Your platform should be a solid excellent basis for both the Kinect and an arm.

  • ah.. that makes sense.  Awesome.  How well does the Kinect work when in motion?

  • Ellison Chan

    It is not differential steering, each two wheels has their own motor. There is no clutch, variating the speed of one of the motors will make it turn, if the motors turn in opposite direction the robot will rotate without moving position. It’s a somewhat more simple drive train then that used in tanks, skid steering is a common name for this driving method. The main reason for the chain drive (or belt drive) over a an transmission with normal gears is that it was easier to drive both motors without getting a complicated setup with a lot of gears.


    @ Gary McCray

    Thank you for the compliments. The sprockets we used are normal industrial standard sprockets with hubs. We machined these so that we could fit brass bushings inside, and connected two gears together for the second stage. Driving inside can be done but like you said, the skid steering might damage soft flooring. Luckily I have a good concrete floor in the garage.


    @ R_Lefebvre

    Due to the interest we will create a blog about the drivetrain, handling the different aspects like the motors, chain gearing, batteries and speed controllers. Please be patient!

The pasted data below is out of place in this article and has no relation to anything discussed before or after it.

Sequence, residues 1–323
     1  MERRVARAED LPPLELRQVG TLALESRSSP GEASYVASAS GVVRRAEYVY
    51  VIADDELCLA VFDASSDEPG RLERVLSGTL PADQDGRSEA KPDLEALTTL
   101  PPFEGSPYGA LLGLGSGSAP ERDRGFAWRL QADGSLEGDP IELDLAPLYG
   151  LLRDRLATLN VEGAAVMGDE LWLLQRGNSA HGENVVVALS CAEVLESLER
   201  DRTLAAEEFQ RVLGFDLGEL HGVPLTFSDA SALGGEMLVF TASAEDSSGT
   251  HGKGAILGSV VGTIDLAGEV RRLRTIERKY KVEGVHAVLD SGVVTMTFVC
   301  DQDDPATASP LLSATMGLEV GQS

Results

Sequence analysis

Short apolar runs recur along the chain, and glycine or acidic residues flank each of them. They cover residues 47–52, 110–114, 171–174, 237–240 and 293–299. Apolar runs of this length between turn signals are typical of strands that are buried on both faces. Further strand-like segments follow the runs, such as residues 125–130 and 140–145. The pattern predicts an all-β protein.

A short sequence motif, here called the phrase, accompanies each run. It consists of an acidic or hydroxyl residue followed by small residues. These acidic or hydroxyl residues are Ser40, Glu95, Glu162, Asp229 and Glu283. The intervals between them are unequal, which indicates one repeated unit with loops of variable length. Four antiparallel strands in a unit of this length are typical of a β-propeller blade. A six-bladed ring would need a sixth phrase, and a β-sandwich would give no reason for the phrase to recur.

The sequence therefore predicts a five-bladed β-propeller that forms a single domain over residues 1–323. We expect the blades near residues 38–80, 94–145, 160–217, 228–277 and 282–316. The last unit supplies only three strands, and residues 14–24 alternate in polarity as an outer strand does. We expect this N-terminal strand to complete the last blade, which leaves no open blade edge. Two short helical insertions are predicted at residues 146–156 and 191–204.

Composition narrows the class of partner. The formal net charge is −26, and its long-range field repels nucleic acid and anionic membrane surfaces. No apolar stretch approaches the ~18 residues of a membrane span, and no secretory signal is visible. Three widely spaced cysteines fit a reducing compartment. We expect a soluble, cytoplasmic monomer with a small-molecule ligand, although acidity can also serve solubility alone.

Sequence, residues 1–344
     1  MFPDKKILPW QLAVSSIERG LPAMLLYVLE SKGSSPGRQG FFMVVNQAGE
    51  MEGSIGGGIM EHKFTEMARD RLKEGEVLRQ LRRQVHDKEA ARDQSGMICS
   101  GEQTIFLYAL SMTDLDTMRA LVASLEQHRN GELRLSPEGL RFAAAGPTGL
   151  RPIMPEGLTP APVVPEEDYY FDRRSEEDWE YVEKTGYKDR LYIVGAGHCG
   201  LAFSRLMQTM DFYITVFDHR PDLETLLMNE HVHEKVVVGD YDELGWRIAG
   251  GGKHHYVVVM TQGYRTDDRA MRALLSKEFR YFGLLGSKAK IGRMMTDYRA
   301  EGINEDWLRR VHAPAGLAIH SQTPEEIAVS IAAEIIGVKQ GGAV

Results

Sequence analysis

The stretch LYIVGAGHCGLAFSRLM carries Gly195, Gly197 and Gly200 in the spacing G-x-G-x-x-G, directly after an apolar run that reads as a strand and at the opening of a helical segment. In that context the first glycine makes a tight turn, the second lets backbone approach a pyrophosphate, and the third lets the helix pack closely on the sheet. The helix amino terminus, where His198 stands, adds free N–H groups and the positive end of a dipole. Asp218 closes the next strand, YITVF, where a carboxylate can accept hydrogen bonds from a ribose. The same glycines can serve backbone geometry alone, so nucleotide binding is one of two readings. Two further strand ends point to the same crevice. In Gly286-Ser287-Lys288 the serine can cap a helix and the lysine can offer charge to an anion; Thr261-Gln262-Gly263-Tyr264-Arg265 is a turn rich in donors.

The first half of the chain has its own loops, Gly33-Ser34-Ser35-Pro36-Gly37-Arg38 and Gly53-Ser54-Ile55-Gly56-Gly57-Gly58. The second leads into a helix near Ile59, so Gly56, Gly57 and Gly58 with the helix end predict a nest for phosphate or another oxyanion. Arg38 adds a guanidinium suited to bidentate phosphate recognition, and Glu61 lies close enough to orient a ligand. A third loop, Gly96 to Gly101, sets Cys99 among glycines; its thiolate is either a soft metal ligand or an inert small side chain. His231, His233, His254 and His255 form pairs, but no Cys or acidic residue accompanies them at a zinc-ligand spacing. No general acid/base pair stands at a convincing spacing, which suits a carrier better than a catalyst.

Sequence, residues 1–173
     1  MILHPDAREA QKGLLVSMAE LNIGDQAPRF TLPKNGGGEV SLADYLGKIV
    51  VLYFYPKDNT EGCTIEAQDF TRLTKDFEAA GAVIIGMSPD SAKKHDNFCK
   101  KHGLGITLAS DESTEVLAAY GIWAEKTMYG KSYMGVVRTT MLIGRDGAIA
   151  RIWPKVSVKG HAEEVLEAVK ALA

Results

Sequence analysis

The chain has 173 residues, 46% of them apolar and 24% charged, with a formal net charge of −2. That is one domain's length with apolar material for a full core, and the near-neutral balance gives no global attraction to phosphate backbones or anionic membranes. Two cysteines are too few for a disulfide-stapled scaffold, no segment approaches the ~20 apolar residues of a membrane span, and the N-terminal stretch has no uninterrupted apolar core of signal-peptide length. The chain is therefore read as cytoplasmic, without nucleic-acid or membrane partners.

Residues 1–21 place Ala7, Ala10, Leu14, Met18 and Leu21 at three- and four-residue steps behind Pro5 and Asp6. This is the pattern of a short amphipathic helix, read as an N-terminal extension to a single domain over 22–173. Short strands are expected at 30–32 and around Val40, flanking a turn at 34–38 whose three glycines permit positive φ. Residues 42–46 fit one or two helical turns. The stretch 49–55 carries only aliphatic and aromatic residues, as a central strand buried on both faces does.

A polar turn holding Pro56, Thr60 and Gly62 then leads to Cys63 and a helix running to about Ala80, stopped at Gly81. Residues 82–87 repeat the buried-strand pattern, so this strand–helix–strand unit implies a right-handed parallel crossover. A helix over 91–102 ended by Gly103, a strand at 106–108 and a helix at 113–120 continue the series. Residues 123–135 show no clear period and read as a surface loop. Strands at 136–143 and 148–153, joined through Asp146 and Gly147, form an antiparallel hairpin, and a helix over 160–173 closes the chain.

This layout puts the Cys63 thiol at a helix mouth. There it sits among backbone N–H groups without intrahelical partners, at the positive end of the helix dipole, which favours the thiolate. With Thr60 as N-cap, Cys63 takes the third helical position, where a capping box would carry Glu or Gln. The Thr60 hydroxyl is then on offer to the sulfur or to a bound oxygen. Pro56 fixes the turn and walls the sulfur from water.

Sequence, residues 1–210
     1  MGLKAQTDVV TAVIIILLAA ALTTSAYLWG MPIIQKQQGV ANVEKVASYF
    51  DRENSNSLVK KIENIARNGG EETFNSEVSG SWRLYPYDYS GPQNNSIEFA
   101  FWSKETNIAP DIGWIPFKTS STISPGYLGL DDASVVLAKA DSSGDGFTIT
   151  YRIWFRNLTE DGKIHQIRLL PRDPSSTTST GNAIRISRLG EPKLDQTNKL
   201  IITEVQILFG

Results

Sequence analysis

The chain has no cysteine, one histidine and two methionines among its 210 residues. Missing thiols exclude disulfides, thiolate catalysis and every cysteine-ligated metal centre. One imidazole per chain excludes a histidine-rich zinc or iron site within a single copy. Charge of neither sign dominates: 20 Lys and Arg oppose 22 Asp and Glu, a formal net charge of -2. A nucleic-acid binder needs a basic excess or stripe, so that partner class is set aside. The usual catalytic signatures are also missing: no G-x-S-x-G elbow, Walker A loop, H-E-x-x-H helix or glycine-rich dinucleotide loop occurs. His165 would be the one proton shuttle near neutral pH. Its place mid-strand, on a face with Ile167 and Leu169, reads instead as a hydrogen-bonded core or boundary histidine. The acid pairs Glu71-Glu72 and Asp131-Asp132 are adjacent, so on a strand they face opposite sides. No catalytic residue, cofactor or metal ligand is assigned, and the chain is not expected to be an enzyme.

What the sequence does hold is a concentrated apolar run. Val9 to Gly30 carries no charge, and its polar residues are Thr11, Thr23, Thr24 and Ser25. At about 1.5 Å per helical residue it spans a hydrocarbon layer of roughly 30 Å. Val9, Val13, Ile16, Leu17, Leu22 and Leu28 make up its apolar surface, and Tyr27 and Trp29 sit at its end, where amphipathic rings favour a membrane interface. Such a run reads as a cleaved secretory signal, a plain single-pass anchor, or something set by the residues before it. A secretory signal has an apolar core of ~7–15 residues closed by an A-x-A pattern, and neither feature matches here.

@ Mark Lanning

    We made the choice not to make the robot invertible. This meant serious compromises for the internal space for the electronics, or using even bigger tyres. Besides, we are planning on creating a robotic arm on top, assisted by a Microsoft Kinect.


    To all the rest, thanks for the compliments and keep on reading!

  • Could you please post some data sheets. I would like to know what motors you installed and more about components in "gear box".

    I really like how it looks.

  • nice!..   seems like you should put on slightly bigger wheels or in the future smaller frame, that way it would be able to work upside down as well and with an accelorometer accelerometer the software could simple compensate if you are upside down.

  • Looks awesome! CAD is great technology.  Keep us posted on your progress with the RTP!

  • Moderator

    Beautiful!  Very nicely built, it's obvious you know what you're doing.  Please post updates!

  • Wow, I like it!  Very heavy duty.  Very very well built too.  

    Can you give me more info on the motors and speed controllers?

This reply was deleted.